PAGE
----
This year at Sundance Film Festival Nate Parker’s directorial and acting debut, a film he wrote and produced himself, The Birth of a Nation sold for the highest bid in festival history, $17.5 Million- sre to get Oscar buzz this time next year. I commend him immensely for taking control of a narrative important to him, and yet still, I long for the day when there is not a comparison of characters between White and non-White actors who win Academy Awards and other accolades: The Black winners have played drug dealers, addicted mothers, slaves and maids in comparison to their peers who’ve won as astronauts and scientists, doctors and lawyers, solid bread-winning mothers and variety of complex, interesting, REAL characters with varied lives. I look forward to Parker’s next work to see the subject matter and what he can or chooses to do with it…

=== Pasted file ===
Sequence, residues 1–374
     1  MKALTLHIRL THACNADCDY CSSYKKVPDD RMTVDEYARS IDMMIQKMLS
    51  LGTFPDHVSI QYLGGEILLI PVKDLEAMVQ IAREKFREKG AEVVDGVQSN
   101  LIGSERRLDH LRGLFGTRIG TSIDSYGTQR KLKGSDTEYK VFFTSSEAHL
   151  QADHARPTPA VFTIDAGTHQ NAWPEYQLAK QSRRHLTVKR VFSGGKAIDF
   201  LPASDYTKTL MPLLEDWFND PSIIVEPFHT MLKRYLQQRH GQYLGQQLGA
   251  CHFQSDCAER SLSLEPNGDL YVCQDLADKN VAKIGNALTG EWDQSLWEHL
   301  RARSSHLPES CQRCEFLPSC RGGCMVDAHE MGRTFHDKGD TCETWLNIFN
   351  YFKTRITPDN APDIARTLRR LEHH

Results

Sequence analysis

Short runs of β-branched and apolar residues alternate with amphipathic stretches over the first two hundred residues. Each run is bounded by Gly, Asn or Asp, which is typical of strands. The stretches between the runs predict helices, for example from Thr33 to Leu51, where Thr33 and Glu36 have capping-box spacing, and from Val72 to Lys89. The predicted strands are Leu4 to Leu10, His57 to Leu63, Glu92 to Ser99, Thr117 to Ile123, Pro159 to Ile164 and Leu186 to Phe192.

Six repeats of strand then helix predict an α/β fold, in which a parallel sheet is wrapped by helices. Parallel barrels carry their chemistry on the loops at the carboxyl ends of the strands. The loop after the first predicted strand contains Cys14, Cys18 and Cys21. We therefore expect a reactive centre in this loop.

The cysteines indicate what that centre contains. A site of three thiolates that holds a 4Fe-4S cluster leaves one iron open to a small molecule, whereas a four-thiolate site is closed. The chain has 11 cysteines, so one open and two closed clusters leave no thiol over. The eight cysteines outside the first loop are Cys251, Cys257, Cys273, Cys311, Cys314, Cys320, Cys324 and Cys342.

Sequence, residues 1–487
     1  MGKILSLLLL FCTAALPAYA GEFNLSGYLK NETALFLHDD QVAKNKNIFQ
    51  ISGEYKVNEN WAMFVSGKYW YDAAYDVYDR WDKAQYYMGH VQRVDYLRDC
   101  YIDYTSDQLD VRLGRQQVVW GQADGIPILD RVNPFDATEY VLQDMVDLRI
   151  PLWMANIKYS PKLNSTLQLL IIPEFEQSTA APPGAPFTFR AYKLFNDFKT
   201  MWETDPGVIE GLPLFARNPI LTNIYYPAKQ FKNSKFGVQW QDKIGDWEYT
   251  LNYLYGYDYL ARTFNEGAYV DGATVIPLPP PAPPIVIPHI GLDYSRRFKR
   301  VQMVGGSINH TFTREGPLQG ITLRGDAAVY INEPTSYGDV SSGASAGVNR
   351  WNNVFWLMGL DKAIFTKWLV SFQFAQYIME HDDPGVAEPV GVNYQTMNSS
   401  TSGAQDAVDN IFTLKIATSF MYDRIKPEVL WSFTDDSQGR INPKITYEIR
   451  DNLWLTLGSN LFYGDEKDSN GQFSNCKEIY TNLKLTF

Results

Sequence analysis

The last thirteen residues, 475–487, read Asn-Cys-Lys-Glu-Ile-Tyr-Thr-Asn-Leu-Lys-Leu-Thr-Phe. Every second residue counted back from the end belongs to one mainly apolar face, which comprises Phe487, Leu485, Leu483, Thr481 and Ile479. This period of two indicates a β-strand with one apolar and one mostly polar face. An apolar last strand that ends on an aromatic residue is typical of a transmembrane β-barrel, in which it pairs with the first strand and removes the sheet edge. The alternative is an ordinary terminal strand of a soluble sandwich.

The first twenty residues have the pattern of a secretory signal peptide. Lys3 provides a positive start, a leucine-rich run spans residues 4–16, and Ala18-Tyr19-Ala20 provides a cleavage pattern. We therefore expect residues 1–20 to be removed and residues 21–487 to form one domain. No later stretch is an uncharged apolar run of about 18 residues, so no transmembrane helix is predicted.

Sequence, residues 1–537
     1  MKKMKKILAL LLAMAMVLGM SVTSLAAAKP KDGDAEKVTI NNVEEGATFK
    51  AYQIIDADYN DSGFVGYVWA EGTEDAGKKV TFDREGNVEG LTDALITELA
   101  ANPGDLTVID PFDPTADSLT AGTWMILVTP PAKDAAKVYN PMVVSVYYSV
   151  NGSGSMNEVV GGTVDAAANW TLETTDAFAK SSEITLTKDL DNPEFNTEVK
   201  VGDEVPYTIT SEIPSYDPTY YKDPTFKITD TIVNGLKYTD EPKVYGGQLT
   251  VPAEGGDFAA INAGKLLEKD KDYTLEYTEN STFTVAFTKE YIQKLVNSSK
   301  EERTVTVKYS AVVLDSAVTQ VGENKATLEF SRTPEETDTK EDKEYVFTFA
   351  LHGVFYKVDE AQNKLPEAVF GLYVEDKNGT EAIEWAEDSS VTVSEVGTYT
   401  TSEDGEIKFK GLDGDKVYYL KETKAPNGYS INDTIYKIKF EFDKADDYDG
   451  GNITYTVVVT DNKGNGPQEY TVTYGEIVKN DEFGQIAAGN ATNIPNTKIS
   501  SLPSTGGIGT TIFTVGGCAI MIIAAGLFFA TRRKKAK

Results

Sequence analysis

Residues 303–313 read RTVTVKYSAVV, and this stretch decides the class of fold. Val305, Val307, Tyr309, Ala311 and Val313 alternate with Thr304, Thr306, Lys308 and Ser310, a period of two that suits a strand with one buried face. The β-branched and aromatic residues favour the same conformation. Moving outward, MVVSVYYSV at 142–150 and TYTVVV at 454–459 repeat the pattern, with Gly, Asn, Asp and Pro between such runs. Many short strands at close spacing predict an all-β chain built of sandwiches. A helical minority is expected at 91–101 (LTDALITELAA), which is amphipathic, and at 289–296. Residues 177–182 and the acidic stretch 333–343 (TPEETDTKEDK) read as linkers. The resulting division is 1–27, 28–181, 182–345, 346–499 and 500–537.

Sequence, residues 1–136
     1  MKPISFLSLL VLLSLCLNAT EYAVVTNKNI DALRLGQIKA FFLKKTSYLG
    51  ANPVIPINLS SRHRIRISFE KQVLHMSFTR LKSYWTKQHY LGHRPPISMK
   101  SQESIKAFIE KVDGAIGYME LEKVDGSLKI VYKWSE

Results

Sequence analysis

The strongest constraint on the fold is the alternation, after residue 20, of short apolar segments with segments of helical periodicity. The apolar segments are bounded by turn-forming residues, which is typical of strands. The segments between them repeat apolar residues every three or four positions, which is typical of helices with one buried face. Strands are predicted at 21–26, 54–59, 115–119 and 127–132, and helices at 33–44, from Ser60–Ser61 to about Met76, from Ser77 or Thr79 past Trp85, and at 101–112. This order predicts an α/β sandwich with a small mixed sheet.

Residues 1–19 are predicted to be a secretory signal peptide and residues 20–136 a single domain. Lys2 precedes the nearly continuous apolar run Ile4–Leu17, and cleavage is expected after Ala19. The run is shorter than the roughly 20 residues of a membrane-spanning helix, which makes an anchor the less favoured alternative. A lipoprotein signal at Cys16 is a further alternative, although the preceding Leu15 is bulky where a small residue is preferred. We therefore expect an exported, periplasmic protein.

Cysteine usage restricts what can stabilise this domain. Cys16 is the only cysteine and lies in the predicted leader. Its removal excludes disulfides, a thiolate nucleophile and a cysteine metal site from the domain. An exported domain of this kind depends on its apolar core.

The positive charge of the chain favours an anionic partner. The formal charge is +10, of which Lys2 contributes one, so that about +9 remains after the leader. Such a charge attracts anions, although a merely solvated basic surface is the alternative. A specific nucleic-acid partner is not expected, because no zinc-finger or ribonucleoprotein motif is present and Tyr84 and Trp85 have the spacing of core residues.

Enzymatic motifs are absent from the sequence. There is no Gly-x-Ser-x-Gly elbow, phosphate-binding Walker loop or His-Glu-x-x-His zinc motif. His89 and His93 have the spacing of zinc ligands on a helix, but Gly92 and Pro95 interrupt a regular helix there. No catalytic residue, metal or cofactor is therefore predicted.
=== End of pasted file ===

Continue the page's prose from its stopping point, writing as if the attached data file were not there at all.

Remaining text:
#Oscarssowhite is NOT just about Black people: Latin, Asian and women actors, directors, producers, designers and more are wildly underrepresented as entities, not to mention the intersectionality of these groups of people. It’s up to us minorities only to change this. Our blame and anger is misplaced- it doesn’t start with The Academy, it should end with us.